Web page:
Rev. Sally Allocca is being honored as a Champion of Change for strengthening food security.
In my 20 years in the East Lake neighborhood of Birmingham, Alabama, I have had the opportunity to talk to seniors and others in the area about childhood memories of a vibrant, living community: walks to the corner drugstore, fresh food at local markets, movies at the area theatre, and boat rides on the lake in the park. As a late comer to this neighborhood, my experience began with loss of infrastructure- churches and stores moving to greener pastures, burned out houses, and a reputation of crime, drugs, and blight. Churches that remained in the area and various social service agencies sought answers and resources, but were met with a lack of funds, aging congregations, and constituents moving out of the changing, declining neighborhood. The neighborhood faced a 25% poverty rate, mounting crime, and an extremely negative public perception.
Eight years ago, a group of committed neighborhood and church volunteers and I dreamed up Promoting Empowerment and Enrichment Resources (P.E.E.R., Inc.), an organization defined by its name to work with, and not simply on behalf of those in our community. This group began the uphill climb of seeking funds, gathering resources and information, and listening to the voices of the people in the neighborhood. We struggled to find our niche, initially helping people do their taxes, hosting health fairs, and coordinating an after-school program. But soon, we settled on health initiatives specifically in the area of access to fresh, healthy food. We figured, EVERYBODY EATS, so this would be a way to connect everyone to a common goal and resource.
We started by founding the East Lake Farmers Market, a small market offering fresh produce from local farms, live music, homemade pastries, and children’s activities. Some told us that we did not a successful business plan—the location was wrong and the target audience was wrong. But we dug in our heels, seeking not success, but effective change in access to fresh food and educating folks about its benefits. We offered cooking demonstrations, recipes, and preparation tips. We held free health screenings to make people more aware of health issues and how they can take control of their own health. Within two years, the market developed and now supports a co-op for individuals and groups. We also deliver 100 to 150 boxes of fresh produce free of charge to neighborhood seniors with low incomes every Saturday of the market season.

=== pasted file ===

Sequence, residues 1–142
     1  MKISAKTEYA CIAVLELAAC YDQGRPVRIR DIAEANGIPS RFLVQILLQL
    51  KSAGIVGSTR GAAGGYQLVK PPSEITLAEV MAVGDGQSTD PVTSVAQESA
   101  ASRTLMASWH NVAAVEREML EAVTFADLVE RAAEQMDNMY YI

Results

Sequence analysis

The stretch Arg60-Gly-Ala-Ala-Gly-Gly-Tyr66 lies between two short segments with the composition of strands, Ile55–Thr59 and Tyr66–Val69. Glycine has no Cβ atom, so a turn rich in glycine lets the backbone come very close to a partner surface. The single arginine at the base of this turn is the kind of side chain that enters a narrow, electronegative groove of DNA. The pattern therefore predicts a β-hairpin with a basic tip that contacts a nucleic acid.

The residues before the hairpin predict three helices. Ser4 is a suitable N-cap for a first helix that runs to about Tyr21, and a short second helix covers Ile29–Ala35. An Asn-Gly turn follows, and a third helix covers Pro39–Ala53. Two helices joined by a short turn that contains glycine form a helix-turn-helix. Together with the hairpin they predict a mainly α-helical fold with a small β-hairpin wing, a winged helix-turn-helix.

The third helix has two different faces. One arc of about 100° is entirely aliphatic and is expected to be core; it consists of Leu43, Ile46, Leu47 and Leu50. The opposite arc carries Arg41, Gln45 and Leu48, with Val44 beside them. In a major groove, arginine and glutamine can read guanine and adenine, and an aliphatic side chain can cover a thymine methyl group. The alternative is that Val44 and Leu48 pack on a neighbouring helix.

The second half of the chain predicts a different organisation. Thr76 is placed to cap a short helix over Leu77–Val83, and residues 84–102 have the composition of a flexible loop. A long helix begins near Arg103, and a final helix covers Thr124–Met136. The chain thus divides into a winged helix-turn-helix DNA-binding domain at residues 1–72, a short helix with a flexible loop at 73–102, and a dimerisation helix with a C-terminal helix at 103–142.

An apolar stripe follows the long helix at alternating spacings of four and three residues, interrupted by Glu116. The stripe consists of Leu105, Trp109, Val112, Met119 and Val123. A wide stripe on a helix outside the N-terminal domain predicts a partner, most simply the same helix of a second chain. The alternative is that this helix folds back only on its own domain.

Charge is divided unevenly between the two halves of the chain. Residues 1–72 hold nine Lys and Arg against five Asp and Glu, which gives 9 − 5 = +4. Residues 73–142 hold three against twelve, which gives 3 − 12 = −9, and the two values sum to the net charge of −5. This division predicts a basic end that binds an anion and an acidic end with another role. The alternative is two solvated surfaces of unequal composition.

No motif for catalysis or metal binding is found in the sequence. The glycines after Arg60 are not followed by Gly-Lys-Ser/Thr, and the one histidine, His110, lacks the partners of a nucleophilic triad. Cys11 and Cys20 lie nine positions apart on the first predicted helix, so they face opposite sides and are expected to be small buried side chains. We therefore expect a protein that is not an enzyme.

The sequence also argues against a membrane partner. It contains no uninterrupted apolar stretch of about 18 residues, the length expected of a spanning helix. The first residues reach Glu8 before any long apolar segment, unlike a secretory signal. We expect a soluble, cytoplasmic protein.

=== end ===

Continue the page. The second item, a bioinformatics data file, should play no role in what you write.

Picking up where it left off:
This year, due in large part to a Farmers Market Promotion Program from the U.S. Department of Agriculture combined with our increasing local support system, we have greatly expanded our scope and programs:
In the last eight years, the market has grown in size and popularity. It has become about more than access to fresh food. It is a venue for the community to come together, to reconnect, and to revitalize. Since the market’s beginning, many other groups have risen up in the neighborhood, including a merchants’ group and an arts district. Homes are being refurbished, perceptions changed, and hope is growing. It seems that we simply needed someone to shine a light on the wealth of opportunity that already existing in this neighborhood for people to band together to build, to create, and to offer support. P.E.E.R., Inc. has made great strides in providing access to fresh, healthy food. Our efforts have gained in popularity and attention from a larger population, but our hearts and the needs are still here in our own neighborhood. Our continued effort is to increase not just the access, but the desire for fresh food. Therefore, we will continue to set the table, prepare the food, and invite our neighbors to join the feast.
Rev. Sally Allocca is the founder and Executive Director of Promoting Empowerment and Enrichment Resources (P.E.E.R., Inc.)